April 26, 2017
No time to shop online for specialized freeze-dried or dehydrated foods? Your regular grocery store has a lot more to offer for backpacking foods than you might think!
A lot of the foods in grocery stores can be used for backpacking trips. Here are some examples:
|Grains||Pasta, rice, couscous, rice noodles|
|Seasonings||Dried spices and herbs, small containers of curry paste or tomato pasta, parmesan cheese|
|Vegetables||Sun-dried tomatoes, dehydrated onions or chives (in the spices sections), dehydrated mushrooms|
|Breakfast||Instant oatmeal, wheat cream, granola, breakfast cereals, milk powder|
|Snacks||Bars, dried fruits, nuts, seeds, premixed trail mix|
Protein options can be challenging
Since most protein sources are either refrigerated, frozen or in can, finding lightweight and shelf-stable protein options can be tricky. To add to the complexity, some shelf-stable options involves long preparation time such as dried beans. With some ingenuity, there are ways to get a variety of protein options at low cost:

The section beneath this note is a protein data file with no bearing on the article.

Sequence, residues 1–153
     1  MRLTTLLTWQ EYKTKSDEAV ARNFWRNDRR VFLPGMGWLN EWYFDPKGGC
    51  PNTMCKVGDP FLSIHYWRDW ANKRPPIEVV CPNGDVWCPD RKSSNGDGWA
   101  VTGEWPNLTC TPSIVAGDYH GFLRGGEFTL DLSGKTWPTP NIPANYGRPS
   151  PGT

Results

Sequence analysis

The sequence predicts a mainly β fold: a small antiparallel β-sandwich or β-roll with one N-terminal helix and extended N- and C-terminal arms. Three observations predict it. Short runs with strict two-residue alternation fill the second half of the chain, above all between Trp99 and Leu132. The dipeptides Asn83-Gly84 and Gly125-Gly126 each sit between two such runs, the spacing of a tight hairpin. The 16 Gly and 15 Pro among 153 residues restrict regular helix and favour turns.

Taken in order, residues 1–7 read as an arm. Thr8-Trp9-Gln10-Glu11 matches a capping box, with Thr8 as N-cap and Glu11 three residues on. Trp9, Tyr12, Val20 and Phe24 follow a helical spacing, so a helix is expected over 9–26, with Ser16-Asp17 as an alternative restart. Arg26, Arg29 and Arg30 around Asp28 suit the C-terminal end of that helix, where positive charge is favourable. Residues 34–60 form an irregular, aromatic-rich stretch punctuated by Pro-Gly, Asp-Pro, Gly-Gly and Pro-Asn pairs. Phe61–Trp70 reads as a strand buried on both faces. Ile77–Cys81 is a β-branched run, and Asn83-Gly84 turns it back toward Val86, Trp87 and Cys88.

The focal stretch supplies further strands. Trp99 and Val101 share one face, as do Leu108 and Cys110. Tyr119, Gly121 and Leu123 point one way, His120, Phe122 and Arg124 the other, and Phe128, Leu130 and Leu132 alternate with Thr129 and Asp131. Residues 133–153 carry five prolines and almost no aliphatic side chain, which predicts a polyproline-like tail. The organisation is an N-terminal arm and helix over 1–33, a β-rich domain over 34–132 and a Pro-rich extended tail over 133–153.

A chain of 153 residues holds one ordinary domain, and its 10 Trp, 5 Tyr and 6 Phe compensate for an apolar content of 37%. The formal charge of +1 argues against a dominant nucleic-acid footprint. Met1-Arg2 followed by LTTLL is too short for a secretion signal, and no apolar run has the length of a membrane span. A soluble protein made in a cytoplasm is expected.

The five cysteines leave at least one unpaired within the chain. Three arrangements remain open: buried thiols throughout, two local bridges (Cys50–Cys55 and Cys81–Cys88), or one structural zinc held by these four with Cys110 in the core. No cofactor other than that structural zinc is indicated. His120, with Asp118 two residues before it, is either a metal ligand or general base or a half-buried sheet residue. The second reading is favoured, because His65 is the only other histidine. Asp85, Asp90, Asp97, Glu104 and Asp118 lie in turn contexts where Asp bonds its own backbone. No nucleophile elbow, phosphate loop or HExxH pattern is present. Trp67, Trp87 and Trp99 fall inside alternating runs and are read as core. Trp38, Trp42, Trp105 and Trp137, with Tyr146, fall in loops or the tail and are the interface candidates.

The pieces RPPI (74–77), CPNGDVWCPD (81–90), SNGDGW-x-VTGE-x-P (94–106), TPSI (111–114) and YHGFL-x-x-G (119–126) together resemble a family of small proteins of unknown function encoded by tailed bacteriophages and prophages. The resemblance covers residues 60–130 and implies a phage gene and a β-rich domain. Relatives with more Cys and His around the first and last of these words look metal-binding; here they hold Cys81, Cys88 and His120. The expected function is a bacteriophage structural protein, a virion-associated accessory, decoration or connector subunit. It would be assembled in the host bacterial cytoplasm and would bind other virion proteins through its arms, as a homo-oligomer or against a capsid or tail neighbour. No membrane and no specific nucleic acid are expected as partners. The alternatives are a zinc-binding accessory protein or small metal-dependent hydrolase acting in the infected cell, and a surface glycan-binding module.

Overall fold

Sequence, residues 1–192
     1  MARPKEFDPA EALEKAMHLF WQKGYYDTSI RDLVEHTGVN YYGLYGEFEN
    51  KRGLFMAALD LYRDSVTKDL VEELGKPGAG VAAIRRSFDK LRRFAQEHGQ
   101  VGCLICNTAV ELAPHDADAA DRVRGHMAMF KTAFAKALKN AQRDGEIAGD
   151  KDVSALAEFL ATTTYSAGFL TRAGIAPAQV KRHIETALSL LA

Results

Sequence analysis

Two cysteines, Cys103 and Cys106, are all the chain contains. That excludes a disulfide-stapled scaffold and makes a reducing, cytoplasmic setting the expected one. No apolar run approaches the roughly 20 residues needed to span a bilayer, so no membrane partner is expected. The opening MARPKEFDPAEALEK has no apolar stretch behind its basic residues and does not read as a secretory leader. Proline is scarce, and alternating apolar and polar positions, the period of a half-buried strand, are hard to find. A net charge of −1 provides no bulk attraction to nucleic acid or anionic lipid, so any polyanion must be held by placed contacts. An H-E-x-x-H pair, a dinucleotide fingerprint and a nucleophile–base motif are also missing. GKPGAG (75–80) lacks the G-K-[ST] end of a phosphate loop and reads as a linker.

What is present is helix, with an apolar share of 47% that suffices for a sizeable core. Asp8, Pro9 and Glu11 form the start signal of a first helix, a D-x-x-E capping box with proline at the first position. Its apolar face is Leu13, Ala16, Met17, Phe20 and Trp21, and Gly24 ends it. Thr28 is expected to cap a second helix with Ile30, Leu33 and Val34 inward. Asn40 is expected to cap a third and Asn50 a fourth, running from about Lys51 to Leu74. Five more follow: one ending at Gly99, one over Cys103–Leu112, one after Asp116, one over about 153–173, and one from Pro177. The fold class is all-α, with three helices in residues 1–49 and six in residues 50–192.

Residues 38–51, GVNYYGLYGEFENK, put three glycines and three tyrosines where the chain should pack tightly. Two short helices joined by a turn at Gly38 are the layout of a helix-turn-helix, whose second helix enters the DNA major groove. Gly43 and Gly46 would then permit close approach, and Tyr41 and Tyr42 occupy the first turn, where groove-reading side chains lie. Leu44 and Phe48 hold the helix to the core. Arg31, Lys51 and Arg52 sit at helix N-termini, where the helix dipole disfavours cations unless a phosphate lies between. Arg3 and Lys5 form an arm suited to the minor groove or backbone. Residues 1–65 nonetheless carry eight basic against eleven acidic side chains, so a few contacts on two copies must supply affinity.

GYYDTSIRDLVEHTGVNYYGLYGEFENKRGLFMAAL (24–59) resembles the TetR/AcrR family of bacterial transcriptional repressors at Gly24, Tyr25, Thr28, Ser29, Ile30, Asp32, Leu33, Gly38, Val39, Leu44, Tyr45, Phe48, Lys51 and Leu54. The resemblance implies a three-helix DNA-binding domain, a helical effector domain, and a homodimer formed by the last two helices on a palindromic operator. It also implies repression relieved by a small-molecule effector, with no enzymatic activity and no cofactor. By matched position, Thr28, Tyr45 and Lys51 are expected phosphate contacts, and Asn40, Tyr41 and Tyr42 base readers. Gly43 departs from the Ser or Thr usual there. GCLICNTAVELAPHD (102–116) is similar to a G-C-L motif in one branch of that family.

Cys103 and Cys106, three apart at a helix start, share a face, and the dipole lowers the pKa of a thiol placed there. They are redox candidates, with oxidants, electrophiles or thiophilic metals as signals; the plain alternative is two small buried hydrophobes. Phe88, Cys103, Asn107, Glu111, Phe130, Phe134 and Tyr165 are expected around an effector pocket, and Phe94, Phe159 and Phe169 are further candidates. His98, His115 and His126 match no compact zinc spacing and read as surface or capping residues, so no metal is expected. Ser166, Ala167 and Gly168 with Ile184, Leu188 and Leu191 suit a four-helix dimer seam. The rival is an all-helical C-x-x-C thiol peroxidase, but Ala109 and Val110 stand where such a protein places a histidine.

- Individually sealed cheese and meat sticks
- Dry lentils (cook faster than other dry beans)
- Cooked fish or meat in vacuum-sealed pouches (i.e. salmon, tuna, chicken, ham)
- Milk powder
- Beef and other types of jerkys
- Shelf-stable smoked salmon
Pay attention to the weight and volume of packages
A lot of shelf stable foods are in cans. This means, carrying the can (and its weight) in and out the trail. Look for plastic packages or other lightweight packages. In the case of dry foods, you can also transfer the food in Ziploc-type plastic bags to save on the volume and weight of packages. For example, you can transfer the content of your favorite mac&cheese box in a plastic bag to save on space.
Stay tuned for more ideas of backpacking foods in grocery stores near you. I will share my findings I make in different grocery stores from the Pacific Northwest on this page.